The ‘more’ that is needed – the way forward in tackling HIV and AIDS
23 Jul 2014 | Blog | Long-term Development
Last weekend the Catholic HIV and AIDS Preconference was held in Melbourne – a two and a half day conference preceding the 2014 International AIDS conference. It was an opportunity where people working in the area of HIV and AIDS from a Catholic perspective could gather and share insights.
On the Saturday, we had the privilege of listening to Sr Ivy Khoury, Caritas Australia's Programs Coordinator for Africa, talk about her experiences working on HIV and AIDS programs in Africa. As she began her talk, she acknowledged the people she had met over the years in this work. She then paused for a moment, becoming emotional, as she remembered the many she had looked after who had passed away from the virus.
Later on, someone explained that when Sr Ivy started working in the field, antiretroviral therapy (ART) was not available. People who had the virus would inevitably go on to develop AIDS, and there was nothing that carers such as Sr Ivy could do, but to care for these people as they got sicker and died.
The situation today is markedly different – there is some glimmer of hope. Now, a person living with HIV and on ART can have a lifespan similar to the general population. Now, a person living with HIV doesn’t necessarily develop AIDS, and it is no longer the death sentence that it once was.
We have come very far. Effective treatment is available, but yet there is still lots to do. In low and middle-income countries, only 34% of people who need treatment are on it. “We have the tools, but we need more than this,” said UNAIDS Deputy Director, Dr Luiz Loures during the conference.
Over the weekend, different experts in the field discussed what ‘more’ is still needed:
- We need to continue raising awareness of the infection and encourage voluntary counselling and testing. The number one reason people don’t access effective treatment is because they don’t know they have the infection.
- We need to address the ‘social drivers’ and risk factors which are linked to HIV and AIDS. It is not enough to just treat the disease, we need to look at factors which increase people’s risks of getting infected with HIV and developing AIDS. These include issues such as discrimination, lack of eduction, stigma and the inability to healthcare services.
- We need to focus on vulnerable populations. The people at the margins of society are often those most affected by HIV and AIDS, and are at risk of being ‘left behind’ in the coming years.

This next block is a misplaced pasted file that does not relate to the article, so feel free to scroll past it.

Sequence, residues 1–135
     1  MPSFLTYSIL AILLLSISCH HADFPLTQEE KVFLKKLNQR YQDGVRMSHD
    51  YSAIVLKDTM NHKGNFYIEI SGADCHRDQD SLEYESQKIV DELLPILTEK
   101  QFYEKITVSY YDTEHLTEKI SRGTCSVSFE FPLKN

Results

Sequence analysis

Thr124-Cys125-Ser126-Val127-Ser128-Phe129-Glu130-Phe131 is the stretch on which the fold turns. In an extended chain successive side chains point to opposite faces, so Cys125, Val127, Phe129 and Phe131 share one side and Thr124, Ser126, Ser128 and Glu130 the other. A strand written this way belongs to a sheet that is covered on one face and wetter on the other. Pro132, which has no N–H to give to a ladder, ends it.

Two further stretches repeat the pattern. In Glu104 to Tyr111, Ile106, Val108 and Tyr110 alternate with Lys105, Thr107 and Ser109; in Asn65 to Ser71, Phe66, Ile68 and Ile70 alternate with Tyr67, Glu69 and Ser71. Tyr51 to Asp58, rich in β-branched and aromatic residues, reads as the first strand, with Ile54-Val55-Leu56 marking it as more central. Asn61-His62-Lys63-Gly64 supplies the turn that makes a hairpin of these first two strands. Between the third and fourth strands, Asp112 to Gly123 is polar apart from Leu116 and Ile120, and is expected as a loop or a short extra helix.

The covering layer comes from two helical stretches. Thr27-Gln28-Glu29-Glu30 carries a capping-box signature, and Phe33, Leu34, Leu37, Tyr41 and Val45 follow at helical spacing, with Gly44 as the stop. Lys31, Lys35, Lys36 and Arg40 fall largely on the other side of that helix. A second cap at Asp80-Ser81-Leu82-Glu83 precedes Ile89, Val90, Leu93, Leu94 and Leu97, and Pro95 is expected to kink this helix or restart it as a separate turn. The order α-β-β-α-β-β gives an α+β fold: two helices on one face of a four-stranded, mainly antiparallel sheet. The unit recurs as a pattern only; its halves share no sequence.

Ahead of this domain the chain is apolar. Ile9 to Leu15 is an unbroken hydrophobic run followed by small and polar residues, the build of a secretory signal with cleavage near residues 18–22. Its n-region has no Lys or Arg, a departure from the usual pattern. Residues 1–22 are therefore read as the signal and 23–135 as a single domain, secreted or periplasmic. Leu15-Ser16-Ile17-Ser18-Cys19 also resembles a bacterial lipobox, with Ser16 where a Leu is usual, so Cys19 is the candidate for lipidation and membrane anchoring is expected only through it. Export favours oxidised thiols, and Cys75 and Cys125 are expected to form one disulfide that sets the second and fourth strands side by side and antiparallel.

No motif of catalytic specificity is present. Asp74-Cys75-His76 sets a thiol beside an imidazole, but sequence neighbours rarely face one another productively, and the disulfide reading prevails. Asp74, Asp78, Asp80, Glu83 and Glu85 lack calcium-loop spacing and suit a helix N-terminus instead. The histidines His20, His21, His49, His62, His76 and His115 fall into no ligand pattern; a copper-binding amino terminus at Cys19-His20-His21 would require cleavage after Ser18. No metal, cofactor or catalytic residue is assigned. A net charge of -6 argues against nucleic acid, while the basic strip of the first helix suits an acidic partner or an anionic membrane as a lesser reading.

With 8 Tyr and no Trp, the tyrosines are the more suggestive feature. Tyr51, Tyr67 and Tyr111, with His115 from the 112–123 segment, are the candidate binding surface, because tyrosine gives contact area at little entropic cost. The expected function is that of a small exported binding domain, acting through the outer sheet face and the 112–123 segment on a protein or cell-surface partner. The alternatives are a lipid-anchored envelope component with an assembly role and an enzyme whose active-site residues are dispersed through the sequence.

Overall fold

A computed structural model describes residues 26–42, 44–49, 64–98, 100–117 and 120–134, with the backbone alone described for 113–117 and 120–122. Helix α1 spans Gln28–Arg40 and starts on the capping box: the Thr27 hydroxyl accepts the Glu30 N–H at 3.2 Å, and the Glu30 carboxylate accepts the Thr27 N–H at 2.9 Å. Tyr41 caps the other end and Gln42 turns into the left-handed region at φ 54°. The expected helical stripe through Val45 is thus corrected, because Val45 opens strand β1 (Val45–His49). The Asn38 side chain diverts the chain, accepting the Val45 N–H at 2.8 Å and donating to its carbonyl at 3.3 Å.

The way forward requires more than just a scientific or medical approach. It requires caring for the whole person – the physical, emotional, mental and spiritual; and it requires working with whole communities.
The contribution of Catholic organisations, including Caritas, in this aspect of the work is substantial. “Faith-based organizations have been there from the beginning (of the HIV epidemic) even when we did not know how to treat or what to treat…You have been the voice of the most vulnerable and the outreach hand to the most marginalized communities,” said Ambassador Deborah Birx, Global AIDS Coordinator for the USA Government, during the conference. Catholic organisations are the largest non-government provider of HIV and AIDS care in the world, providing approximately 25% of care.
Throughout the conference, we were privileged to hear about HIV and AIDS programs by Catholic organisations such as Caritas which worked on a whole range of areas, from raising awareness of HIV in communities, to providing home based care to people living with AIDS. It was remarkable to hear the diverse and great work that these organisations have been doing in the field of HIV and AIDS.
One of the most memorable phrases during the weekend was by Sr Ivy, which really expresses the work of these organisations in this area - “It’s not rocket science. It is about being with the people [living with HIV and AIDS], listening to them and learning from them.”
Caritas Australia’s work in HIV and AIDS includes helping people with HIV develop income generating skills, looking after children who have been made orphans by the virus, supporting self-help groups for people living with HIV and AIDS, as well as helping communities advocate for greater access to treatment and care.
Read more about Caritas Australia's work with people living with HIV and AIDS »
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